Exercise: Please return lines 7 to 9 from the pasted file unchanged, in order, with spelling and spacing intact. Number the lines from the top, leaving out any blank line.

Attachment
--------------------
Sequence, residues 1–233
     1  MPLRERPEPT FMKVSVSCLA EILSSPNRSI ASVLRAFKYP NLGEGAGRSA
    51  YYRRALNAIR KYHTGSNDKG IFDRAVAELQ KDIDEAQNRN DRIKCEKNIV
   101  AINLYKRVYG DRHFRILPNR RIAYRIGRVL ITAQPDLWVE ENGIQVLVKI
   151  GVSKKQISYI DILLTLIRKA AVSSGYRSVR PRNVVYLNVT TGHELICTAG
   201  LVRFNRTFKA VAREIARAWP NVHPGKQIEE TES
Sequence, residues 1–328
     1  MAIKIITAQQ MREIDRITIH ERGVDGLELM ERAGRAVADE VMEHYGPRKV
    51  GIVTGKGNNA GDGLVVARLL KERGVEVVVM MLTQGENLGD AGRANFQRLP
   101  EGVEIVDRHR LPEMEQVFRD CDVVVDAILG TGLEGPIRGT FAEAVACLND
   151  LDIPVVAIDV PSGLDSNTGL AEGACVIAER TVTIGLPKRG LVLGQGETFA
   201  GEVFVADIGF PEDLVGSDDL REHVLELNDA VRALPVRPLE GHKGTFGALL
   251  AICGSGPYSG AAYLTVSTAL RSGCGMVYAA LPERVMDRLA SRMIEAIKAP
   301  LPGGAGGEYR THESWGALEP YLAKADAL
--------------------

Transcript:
Sequence, residues 1–328
     1  MAIKIITAQQ MREIDRITIH ERGVDGLELM ERAGRAVADE VMEHYGPRKV
    51  GIVTGKGNNA GDGLVVARLL KERGVEVVVM MLTQGENLGD AGRANFQRLP